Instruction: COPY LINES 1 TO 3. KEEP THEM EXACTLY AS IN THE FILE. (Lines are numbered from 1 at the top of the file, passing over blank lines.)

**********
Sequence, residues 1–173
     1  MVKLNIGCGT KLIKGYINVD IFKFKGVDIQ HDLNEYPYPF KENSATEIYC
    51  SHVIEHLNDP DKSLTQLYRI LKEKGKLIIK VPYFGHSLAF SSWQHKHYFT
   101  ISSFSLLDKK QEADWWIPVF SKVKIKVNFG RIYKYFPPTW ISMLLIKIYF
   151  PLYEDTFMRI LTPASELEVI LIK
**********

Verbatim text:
Sequence, residues 1–173
     1  MVKLNIGCGT KLIKGYINVD IFKFKGVDIQ HDLNEYPYPF KENSATEIYC
    51  SHVIEHLNDP DKSLTQLYRI LKEKGKLIIK VPYFGHSLAF SSWQHKHYFT